And when they were landed Sir Tristram set up his pavilion upon the land of Camelot, and there he let hang his shield upon the pavilion. And that same day came two knights of King Arthur's, that one was Sir Ector de Maris, and Sir Morganor. And they touched the shield, and bade him come out of the pavilion for to joust, an he would joust. Ye shall be answered, said Sir Tristram, an ye will tarry a little while. So he made him ready, and first he smote down Sir Ector de Maris, and after he smote down Sir Morganor, all with one spear, and sore bruised them. And when they lay upon the earth they asked Sir Tristram what he was, and of what country he was knight. Fair lords, said Sir Tristram, wit ye well that I am of Cornwall. Alas, said Sir Ector, now am I ashamed that ever any Cornish knight should overcome me. And then for despite Sir Ector put off his armour from him, and went on foot, and would not ride.
THEN it fell that Sir Bleoberis and Sir Blamore de Ganis, that were brethren, they had summoned the King Anguish of Ireland for to come to Arthur's court upon pain of forfeiture of King Arthur's good grace. And if the King of Ireland came not in, at the day assigned and set, the king should lose his lands. So it happened that at the day assigned, King Arthur neither Sir Launcelot might not be there for to give the judgment, for King Arthur was with Sir Launcelot at the Castle Joyous Garde. And so King Arthur assigned King Carados and the King of Scots to be there that day as judges. So when the kings were at Camelot King Anguish of Ireland was come to know his accusers. Then was there Sir Blamore de Ganis, and appealed the King of Ireland of treason, that he had slain a cousin of his in his court in Ireland by treason. The king was sore abashed of his accusation, for-why he was come at the summons of King Arthur, and or he came at Camelot he wist not wherefore he was sent after. And when the king heard Sir Blamore say his will, he understood well there was none other remedy but for to answer him knightly; for the custom was such in those days, that an any man were appealed of any treason or murder he should fight body for body, or else to find another knight for him. And all manner of murders in those days were called treason.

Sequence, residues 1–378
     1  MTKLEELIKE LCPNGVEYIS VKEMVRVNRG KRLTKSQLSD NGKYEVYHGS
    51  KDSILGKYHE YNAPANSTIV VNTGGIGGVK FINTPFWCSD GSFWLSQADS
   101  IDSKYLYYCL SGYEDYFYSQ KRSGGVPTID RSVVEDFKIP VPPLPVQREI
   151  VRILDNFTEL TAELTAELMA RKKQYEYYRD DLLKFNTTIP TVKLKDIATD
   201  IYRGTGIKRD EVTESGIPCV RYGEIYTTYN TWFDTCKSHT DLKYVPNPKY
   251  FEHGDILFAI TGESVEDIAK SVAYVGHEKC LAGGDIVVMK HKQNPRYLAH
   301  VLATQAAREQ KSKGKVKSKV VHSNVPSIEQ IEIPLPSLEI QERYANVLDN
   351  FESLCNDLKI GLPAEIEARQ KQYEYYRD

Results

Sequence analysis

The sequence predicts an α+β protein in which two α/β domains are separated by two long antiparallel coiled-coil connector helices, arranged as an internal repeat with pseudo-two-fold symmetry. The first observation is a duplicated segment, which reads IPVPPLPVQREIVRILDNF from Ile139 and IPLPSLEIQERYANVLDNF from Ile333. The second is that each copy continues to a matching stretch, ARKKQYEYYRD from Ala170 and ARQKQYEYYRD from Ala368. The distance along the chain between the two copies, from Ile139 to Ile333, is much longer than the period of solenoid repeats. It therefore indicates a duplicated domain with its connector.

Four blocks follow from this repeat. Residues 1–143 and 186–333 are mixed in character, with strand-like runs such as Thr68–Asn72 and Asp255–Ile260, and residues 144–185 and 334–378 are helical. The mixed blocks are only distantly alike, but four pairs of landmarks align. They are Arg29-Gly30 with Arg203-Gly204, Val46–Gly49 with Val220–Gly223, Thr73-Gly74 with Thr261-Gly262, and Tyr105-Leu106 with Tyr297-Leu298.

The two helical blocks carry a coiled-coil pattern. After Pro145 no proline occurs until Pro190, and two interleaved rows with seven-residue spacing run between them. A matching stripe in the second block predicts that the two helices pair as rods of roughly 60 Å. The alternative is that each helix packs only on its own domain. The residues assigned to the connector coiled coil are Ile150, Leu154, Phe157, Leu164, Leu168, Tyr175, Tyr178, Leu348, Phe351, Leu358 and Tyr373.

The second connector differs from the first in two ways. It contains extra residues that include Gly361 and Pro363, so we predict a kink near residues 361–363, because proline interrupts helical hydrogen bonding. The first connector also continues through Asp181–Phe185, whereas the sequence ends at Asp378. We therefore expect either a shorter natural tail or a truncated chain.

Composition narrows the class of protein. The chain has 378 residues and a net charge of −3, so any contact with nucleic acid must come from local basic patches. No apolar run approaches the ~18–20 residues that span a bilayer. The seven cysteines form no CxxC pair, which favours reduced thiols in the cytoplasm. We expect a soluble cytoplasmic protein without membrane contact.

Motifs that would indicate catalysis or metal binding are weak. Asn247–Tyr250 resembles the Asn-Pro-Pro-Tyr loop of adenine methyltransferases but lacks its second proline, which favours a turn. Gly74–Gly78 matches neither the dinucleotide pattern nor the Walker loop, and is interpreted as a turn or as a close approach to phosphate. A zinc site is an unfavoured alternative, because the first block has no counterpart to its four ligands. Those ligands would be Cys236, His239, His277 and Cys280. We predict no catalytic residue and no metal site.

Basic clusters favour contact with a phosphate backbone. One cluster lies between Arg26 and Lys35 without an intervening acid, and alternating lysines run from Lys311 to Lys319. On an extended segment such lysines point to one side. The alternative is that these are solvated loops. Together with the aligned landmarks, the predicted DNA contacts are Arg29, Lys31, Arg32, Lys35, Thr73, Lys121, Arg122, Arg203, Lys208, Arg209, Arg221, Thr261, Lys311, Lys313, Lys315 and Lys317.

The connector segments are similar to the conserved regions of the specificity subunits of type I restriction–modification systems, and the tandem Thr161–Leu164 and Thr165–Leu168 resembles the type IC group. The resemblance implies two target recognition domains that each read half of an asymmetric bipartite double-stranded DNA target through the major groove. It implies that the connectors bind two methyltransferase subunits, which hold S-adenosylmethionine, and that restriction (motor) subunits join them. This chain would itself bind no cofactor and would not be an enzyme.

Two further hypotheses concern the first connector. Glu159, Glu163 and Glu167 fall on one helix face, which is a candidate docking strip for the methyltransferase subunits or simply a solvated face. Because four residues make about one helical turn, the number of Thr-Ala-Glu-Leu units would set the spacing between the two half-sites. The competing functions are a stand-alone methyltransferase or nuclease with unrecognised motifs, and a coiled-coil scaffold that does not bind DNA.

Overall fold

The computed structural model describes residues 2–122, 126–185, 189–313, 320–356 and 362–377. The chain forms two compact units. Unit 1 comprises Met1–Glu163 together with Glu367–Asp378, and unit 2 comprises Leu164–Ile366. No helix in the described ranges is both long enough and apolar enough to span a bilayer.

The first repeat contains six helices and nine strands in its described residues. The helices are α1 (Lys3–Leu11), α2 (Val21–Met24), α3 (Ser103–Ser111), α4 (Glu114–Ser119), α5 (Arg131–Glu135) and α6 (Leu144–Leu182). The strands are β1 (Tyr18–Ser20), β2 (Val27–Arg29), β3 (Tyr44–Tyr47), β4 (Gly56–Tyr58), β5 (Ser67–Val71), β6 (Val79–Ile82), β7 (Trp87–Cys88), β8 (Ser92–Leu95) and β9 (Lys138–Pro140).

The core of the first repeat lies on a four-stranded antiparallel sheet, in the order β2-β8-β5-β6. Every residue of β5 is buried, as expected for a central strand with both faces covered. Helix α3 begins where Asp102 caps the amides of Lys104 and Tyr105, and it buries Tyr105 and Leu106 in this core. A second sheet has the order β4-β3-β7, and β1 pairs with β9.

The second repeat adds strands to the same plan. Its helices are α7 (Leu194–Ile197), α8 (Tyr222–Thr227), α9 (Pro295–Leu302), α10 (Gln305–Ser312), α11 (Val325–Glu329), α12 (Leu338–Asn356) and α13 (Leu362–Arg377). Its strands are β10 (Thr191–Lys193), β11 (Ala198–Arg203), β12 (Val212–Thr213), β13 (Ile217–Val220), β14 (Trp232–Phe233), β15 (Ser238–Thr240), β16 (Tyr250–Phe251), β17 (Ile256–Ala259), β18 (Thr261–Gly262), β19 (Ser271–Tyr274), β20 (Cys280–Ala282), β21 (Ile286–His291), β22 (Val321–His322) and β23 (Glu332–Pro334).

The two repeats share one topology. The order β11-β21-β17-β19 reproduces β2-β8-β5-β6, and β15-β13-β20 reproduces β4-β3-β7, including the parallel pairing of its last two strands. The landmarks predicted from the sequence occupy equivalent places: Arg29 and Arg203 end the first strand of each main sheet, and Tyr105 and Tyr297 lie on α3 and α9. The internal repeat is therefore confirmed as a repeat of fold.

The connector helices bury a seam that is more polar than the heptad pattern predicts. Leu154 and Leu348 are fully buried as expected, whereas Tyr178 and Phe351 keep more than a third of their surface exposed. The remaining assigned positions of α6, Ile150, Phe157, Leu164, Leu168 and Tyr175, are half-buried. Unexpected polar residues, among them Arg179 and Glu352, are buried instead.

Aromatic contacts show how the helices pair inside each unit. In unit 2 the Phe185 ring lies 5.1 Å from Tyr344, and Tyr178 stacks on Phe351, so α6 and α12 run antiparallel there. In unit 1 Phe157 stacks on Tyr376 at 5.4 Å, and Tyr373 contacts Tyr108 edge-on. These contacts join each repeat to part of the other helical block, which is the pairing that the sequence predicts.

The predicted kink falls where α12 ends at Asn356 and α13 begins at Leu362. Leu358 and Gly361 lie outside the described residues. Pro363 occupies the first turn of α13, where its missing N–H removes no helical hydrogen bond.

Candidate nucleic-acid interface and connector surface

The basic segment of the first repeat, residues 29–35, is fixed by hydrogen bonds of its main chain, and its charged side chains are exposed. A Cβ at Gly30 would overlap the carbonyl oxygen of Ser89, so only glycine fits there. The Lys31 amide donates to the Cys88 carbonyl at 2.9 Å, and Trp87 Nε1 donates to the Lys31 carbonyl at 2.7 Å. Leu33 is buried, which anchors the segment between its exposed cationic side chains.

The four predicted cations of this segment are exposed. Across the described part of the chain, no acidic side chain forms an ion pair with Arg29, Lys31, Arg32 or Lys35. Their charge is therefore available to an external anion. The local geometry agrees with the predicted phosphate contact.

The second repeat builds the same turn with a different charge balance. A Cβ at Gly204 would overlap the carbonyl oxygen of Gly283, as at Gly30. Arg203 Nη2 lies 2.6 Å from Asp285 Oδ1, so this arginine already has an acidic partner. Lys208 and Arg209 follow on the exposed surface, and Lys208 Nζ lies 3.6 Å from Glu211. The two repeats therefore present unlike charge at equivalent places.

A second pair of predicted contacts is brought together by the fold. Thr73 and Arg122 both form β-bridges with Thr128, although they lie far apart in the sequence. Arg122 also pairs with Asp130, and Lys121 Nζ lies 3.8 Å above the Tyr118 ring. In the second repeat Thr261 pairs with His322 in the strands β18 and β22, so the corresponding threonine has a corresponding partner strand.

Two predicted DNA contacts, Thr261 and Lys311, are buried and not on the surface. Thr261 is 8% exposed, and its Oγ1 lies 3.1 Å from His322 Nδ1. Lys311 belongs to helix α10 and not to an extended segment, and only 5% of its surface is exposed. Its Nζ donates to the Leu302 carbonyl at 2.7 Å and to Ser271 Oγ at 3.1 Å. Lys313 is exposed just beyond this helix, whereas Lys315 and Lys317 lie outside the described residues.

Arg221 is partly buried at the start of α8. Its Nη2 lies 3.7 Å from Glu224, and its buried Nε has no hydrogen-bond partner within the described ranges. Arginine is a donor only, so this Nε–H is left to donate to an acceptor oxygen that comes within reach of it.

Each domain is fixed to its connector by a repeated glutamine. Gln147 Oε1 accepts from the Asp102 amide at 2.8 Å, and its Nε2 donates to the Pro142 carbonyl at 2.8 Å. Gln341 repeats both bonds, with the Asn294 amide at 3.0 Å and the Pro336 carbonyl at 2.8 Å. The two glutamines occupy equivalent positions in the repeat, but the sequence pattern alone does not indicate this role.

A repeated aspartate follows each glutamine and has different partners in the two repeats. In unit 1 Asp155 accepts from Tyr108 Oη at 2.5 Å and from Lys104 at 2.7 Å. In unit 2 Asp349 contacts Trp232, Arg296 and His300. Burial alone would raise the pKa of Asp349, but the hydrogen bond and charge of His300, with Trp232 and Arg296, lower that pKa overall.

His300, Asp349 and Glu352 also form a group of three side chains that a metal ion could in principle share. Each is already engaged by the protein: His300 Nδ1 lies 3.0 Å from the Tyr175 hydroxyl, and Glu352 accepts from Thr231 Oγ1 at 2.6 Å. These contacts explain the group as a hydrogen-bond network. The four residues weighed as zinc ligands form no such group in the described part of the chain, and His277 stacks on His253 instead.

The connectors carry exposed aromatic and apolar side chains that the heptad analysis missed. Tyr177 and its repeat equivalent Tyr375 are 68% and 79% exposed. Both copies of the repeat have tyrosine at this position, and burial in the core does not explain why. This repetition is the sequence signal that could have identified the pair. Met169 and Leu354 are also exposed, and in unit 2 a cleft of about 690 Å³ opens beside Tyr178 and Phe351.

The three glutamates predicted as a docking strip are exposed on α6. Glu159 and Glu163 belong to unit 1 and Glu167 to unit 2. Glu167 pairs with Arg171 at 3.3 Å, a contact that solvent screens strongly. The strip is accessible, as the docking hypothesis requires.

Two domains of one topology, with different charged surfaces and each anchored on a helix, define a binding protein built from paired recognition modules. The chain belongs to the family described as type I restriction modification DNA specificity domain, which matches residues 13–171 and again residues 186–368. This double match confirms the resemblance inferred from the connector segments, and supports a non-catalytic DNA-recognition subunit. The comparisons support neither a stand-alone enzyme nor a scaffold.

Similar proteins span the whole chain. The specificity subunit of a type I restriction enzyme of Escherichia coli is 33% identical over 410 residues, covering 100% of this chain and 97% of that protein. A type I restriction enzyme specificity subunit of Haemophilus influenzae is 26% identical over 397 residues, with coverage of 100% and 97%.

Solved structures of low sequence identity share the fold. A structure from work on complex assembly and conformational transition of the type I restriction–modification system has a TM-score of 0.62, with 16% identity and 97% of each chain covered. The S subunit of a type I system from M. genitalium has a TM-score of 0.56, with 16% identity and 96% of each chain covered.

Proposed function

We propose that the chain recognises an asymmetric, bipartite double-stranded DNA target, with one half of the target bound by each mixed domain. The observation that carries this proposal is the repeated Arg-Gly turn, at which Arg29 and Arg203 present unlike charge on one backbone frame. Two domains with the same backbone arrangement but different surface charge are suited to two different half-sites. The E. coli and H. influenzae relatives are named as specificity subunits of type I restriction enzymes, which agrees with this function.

So when King Anguish understood his accusing he was passing heavy, for he knew Sir Blamore de Ganis that he was a noble knight, and of noble knights come. Then the King of Ireland was simply purveyed of his answer; therefore the judges gave him respite by the third day to give his answer. So the king departed unto his lodging. The meanwhile there came a lady by Sir Tristram's pavilion making great dole. What aileth you, said Sir Tristram, that ye make such dole? Ah, fair knight, said the lady, I am ashamed unless that some good knight help me; for a great lady of worship sent by me a fair child and a rich, unto Sir Launcelot du Lake, and hereby there met with me a knight, and threw me down from my palfrey, and took away the child from me. Well, my lady, said Sir Tristram, and for my lord Sir Launcelot's sake I shall get you that child again, or else I shall be beaten for it. And so Sir Tristram took his horse, and asked the lady which way the knight rode; and then she told him. And he rode after him, and within a while he overtook that knight. And then Sir Tristram bade him turn and give again the child.